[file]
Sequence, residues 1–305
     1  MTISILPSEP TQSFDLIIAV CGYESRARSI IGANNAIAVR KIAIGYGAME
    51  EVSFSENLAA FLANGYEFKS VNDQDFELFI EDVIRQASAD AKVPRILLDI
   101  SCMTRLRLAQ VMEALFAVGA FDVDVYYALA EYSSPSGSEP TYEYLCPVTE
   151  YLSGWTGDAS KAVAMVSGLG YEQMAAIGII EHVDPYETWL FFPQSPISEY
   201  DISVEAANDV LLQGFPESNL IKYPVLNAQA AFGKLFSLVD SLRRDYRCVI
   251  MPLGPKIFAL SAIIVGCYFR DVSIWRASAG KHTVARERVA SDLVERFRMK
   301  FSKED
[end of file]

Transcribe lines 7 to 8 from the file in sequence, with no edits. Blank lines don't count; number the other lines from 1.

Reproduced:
   251  MPLGPKIFAL SAIIVGCYFR DVSIWRASAG KHTVARERVA SDLVERFRMK
   301  FSKED